Dr. Ahmed long-term goal is to understand how the retinal and inner ear sensory epithelia develop and function. His lab study inherited human disorders of retina and inner ear, like Usher syndrome (USH) and Oculocutaneous Albinism (OCA) to improve our understanding of these organs at the molecular level, to study the pathophysiology of these disorders in animal models for the purpose of developing new strategies to prevent and treat these neurosensory disorders. The studies under investigation are designed to answer the following broad questions: What are the precise mechanisms of various forms of hearing and vision dysfunction? What are the genetic factors that determine light sensitivity? How do the pathogenic mutations in disease-causing genes affect the ear, eye and skin structure and function? And which molecules or genetic factors can exacerbate and/or mitigate the effects of disease-causing genes? For these studies, families segregating inherited USH and OCA are being collected. Mutant mouse and zebrafish models have been developed and his lab evaluates them to understand the function of new proteins. Functional analysis of the newly identified genes associated with deaf-blindness and OCA promises new insights into the molecular mechanisms of vision and auditory development and functions and will facilitate the rational design of potential therapies.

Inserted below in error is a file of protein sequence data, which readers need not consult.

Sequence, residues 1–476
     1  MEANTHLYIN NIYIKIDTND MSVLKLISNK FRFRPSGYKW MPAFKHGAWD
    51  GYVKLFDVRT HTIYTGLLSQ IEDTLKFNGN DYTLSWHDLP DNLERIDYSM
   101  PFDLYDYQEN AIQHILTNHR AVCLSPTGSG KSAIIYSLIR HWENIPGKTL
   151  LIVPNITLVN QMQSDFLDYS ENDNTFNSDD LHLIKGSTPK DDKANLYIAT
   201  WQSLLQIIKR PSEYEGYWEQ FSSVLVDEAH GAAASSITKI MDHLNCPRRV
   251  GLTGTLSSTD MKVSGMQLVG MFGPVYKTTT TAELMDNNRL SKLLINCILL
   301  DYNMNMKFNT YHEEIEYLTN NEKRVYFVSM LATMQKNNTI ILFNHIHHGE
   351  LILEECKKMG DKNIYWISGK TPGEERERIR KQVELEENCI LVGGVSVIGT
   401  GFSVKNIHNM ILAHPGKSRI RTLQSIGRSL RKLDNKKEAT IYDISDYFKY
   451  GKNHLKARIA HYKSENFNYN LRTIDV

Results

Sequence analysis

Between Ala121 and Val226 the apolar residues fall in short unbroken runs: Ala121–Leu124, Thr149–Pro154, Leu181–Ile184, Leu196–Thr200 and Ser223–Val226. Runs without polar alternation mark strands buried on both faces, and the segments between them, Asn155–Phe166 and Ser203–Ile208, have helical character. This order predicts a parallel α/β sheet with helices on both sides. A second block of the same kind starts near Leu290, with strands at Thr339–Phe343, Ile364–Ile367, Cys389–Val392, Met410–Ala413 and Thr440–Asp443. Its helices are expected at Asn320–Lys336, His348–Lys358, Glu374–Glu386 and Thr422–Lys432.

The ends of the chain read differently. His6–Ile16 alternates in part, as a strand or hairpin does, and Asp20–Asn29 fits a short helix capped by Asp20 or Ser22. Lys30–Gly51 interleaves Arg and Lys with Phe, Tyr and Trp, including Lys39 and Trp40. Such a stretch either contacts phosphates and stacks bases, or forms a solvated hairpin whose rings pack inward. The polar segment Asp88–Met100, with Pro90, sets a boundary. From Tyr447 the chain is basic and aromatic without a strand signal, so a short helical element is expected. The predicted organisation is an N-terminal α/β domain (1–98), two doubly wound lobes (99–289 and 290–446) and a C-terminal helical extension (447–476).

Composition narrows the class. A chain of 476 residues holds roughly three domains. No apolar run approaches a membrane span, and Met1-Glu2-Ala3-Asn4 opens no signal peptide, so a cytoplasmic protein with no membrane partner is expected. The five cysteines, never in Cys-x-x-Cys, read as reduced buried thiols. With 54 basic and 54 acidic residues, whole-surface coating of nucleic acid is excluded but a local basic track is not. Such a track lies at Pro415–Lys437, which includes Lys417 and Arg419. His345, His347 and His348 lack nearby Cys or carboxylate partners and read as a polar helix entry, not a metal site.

zahmed [at] smail.umaryland.edu